Another view is that this is the very process of cognition of the general human being. First we encounter the sensuous object and have no determinate knowledge of it, but in perceiving we begin to determine the object through sensuous and conceptual categorization, after which we begin to engage in the pure understanding of the object. Were the inquiry to be one inquiring after absolute knowledge, we would then have to conceive of ourselves as knowers and our relation to the known explicitly, hence self-consciousness would come into the picture.

Ontology and Epistemology: The Structure of Objects and Knowing

Part of what smacks you, or at least should smack you in the face, when reading the introduction and this first major section is that ontology and epistemology come hand in hand and never are apart from one another. An ontology always has an epistemology to justify its knowing, and an epistemology always already presupposes the ontology of the knower, its knowing, and the objects it knows. The only ones that probably escape this criticism are the pragmatists because, well, they don’t care about Truth.

On Hegel’s Project in the Science of Logic

The Science of Logic is a giant tome of what some may consider pure arcane abstraction. A work that bills itself the science of pure thinking of thoughts, one question that inevitably arises regarding  it is what purpose it serves. Hegel refuses to tell us much of what the purpose of the Logic is beyond two basic things: it has to do with the concept of the Absolute, and the derivation of valid thinking from pure presuppositionless thought itself.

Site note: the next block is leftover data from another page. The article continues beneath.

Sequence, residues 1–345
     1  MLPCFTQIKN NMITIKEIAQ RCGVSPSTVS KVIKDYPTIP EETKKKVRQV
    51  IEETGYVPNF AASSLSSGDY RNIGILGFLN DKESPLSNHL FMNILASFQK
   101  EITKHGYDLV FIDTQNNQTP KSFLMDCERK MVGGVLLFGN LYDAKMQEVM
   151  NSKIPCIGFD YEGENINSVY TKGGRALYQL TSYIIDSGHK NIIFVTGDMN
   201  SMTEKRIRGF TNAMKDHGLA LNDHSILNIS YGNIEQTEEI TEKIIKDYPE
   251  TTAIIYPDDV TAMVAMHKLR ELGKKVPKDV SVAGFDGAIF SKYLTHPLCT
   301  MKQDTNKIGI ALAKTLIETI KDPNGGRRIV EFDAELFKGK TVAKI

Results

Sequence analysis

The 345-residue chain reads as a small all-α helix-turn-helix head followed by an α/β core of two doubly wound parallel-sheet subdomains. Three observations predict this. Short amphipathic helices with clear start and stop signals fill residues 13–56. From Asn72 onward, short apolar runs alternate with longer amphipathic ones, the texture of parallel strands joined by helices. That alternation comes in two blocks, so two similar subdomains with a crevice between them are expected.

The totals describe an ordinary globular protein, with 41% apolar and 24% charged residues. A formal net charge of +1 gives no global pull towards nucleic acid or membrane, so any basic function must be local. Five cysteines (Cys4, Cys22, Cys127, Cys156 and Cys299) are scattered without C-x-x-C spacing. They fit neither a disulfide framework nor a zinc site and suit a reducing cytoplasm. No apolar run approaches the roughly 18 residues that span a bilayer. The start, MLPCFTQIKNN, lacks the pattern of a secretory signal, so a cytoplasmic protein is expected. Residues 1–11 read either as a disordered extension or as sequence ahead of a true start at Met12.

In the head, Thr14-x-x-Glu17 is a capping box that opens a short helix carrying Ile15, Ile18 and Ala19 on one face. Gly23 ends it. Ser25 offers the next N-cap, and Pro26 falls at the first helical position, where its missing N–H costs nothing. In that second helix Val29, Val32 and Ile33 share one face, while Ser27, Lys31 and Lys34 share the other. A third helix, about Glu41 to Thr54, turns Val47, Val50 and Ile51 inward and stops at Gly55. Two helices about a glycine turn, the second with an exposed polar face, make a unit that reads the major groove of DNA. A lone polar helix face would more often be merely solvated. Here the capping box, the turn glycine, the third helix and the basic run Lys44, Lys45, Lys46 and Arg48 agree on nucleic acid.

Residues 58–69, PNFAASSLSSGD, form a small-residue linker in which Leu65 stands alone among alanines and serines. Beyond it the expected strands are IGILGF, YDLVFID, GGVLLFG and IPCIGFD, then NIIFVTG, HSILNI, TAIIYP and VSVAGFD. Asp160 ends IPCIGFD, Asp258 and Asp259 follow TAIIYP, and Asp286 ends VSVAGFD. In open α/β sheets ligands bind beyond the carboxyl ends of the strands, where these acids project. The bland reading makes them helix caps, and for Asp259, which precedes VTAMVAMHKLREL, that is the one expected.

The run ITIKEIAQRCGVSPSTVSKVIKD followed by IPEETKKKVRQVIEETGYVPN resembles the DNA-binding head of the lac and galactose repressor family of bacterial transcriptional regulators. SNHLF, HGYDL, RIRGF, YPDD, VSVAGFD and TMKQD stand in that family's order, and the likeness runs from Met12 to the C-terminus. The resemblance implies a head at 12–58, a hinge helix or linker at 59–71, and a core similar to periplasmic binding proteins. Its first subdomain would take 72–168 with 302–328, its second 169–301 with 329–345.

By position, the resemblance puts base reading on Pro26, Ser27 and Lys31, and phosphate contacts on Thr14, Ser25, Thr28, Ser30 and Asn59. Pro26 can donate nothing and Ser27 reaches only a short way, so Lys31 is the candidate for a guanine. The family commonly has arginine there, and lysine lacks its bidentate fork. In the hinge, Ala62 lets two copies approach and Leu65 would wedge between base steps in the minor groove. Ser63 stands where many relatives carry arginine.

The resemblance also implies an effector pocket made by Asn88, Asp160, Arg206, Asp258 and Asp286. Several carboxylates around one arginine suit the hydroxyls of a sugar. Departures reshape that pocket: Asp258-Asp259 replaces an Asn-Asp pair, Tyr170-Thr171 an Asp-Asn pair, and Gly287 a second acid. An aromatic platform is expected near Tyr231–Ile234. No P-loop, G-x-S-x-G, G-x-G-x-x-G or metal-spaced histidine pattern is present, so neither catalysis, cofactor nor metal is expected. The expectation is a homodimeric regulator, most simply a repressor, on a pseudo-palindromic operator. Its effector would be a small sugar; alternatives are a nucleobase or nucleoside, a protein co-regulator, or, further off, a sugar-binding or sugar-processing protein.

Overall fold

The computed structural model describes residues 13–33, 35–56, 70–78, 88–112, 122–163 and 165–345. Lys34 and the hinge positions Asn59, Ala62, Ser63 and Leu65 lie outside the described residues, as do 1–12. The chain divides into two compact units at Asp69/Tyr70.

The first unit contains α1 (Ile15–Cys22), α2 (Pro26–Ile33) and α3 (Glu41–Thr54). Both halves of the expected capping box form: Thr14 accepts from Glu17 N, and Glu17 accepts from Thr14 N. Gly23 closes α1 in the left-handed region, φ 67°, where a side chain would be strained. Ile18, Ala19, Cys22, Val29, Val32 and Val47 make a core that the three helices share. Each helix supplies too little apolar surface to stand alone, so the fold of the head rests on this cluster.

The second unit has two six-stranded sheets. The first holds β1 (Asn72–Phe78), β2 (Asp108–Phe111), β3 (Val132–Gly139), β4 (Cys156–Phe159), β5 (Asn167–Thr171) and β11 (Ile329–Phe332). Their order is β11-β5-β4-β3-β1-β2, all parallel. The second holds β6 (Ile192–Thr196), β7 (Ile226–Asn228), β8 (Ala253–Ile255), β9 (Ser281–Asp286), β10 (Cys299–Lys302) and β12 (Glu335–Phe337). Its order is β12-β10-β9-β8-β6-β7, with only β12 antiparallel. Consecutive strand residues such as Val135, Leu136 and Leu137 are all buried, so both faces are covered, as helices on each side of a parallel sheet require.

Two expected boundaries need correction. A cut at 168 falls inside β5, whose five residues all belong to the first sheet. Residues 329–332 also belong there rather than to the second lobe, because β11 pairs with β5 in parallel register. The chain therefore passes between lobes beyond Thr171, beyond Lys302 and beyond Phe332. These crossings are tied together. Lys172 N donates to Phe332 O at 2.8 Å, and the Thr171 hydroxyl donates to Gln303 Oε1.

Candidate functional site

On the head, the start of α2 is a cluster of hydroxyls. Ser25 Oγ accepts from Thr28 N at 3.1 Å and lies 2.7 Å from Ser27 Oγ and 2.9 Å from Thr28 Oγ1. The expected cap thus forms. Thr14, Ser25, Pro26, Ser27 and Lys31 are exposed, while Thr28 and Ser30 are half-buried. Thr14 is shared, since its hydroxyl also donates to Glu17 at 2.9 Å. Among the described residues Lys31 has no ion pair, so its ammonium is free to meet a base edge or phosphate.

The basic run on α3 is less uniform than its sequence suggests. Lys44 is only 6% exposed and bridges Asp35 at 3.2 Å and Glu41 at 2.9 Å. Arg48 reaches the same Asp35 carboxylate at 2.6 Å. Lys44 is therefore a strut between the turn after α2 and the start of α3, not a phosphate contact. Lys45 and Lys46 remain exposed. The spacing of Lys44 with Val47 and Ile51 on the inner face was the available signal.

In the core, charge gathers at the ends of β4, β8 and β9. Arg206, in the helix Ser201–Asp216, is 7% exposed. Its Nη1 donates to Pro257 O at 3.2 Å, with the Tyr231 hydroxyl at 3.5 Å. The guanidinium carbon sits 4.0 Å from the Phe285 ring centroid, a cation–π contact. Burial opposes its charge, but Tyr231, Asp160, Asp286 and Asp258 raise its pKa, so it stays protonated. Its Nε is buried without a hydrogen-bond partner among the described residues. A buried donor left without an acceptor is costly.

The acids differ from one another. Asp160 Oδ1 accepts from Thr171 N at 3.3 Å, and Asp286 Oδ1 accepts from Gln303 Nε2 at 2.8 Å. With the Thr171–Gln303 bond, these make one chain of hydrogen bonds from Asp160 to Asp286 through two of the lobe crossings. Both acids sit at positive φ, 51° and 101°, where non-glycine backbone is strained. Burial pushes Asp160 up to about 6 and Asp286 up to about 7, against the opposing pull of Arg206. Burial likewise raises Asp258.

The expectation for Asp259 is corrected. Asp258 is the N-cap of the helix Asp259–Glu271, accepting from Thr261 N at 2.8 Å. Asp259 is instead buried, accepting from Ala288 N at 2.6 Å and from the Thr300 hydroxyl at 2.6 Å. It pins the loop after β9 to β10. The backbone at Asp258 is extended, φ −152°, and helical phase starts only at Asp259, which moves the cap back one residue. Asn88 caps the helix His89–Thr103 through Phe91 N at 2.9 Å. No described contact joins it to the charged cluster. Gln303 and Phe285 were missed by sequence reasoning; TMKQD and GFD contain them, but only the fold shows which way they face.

It is clear from the very concepts used in the Logic that the work was intended to function in multiple roles within philosophy in general. Not only is the Logic about logic as the thinking of valid thinking, but also about the objects which logic is meant to investigate, hence we see metaphysics and ontology as its conceptual content, for these are the general concepts of thought itself, and this makes sense when one gives just a little thought to it. What else could logic be about if not the very general object kinds, structures, and relations of reality itself? If the necessity of logical determinations is not the same necessity of the world itself, what value do the results of logic have for determining anything but arbitrary and subjective mental fictions? Logic and ontology must be identical in some key manner in order for objectivity and normative judgments to be fully intelligible, and the Logic is meant to show just how this is possible through the connection of concept and objectivity.

Jumping ahead into the thinking which occurs within the Logic itself, one can begin to see a bit more of what this project entails. First is that the Logic has to do with the relation of ontological categories to each other. As each category develops itself it does so through analytic definition, yet this analytic definition presupposes or posits another concept and synthetically relates what is not itself as constitutive of itself. This analytic and synthetic expansion of conceptual relations allows for an inner relation between them in a growing chain of concepts building upon each other such that one can go from abstract Being to Existence to Essence, etc. and see the direct chain that makes intelligible their exact relation.

Second, the Logic concerns the relation of thought to itself as thought. From the beginning of the project until its end, by looking at the process by which one thought moves to another, thought shows a power of self-determination, self-mediation, and self development through its analytic/synthetic expansion, its self-oppositions, and its unifications. This self-expansion of thought and its capacity to mediate its contradictions into intelligible unity, its capacity to go beyond itself through a renewed expansion of content, shows thought as having content in itself and points to the boundlessness of thought by this process of self-differentiating expansion and self-mediation.